Colin Green: Portland Copywriter, Publisher

Public Relations Profile: Willamette Galley

PUBLICATION: Spotlight Column, Willamette Galley


To pro­file pro­fes­sion­al writ­ers for an audi­ence of oth­er indus­try writers. 



Spotlight: Melissa Amos


Young and sporting a relaxed confidence, Melissa Amos is articulate, intelligent, and funny. It was easy to see how this woman, with a mere three years of technical writing under her belt, could be an award winner.


Melissa is part of the four-member PacifiCorp team the three others are Mike Gregory, Sara Regan, and Debbie Guerra whose procedures manual won an Award of Excellence in the WVC Technical Publications Competition and an Award of Merit in the STC International Technical Publications Competition. The procedures manual took seven months to craft and construct. Those seven months represented the first technical writing project that Melissa worked on from start to finish.


When asked how she felt about winning the award, Melissa said with a smile that it was a great affirmation of her abilities as a technical writer. Affirmation, of course, is meaningful to technical writers of any experience level. But it is especially critical to the aspirants whose doubts, in the absence of previous experience testifying to their abilities, can carry extra weight. For Melissa the STC award meant exactly that: Oh wow, I can really do this.”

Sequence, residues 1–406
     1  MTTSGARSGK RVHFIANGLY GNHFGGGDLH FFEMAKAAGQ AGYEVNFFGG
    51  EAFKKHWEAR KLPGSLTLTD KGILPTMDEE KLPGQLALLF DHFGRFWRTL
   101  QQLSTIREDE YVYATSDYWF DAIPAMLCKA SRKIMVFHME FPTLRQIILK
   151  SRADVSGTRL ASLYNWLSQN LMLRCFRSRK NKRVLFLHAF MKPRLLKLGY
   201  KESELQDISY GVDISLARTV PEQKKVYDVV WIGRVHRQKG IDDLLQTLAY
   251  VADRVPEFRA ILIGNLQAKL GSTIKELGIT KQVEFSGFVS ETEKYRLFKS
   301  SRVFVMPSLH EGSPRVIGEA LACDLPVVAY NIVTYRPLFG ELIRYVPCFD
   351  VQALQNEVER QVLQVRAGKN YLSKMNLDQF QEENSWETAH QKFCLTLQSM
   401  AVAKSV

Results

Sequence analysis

As someone with a degree in communications from Carroll College in Helena, Montana, Melissa loves words and the written language. She moved to Portland to be a journalist. Immediately upon arriving, she fell in love with the city. “Portland is fabulous,” she said. “I have a city crush.”


Portland also harbored another pleasant surprise. As luck would have it, Melissa took an administrative job at PacifiCorp, while she settled into her new home. From the administrative position, Melissa naturally migrated toward PacifiCorp's publications, technical writing, and technologies arena, where she first tried technical writing through volunteering.


The aspiring journalist quickly discovered that technical writing, with its balancing act of the analytical and creative in service to language, perfectly fit her disposition. Indeed, Melissa's passion for technical writing was so highly piqued that she soon enrolled in the Portland State University program for Masters of Science in Professional and Technical Writing.


Melissa prefers to think of the degree as Masters in Technical Communication. Given my specialization in information architecture and usability, she says neither of which necessarily involve writing, I feel this is a more accurate descriptor. Melissa expects to earn the degree in 2010. Melissa found her writing niche by shifting from journalism to technical communication. I much rather talk to an engineer, she says. For a technical writer, such words are the badge of a confirmed geek.


Melissa's succinct explanations and easy manner can fool you, however. She is a determined soul, also an attribute fundamental to a successful technical writer. Deciding to pursue her longstanding interest in photography as an avocation, Melissa was not satisfied with simply bringing the camera along with her on outings, shooting pictures as the occasion presented itself.


Last year, she set about on what she dubbed The 366 Days Project. She established a goal of taking photographs on every day of year, no matter the weather, no matter the competing engagements, no matter the time of day, no matter how tired she was or how miserable the conditions. Why 366 days? Last year, 2008, was a leap year. Melissa, the amateur photographer, did not miss one day.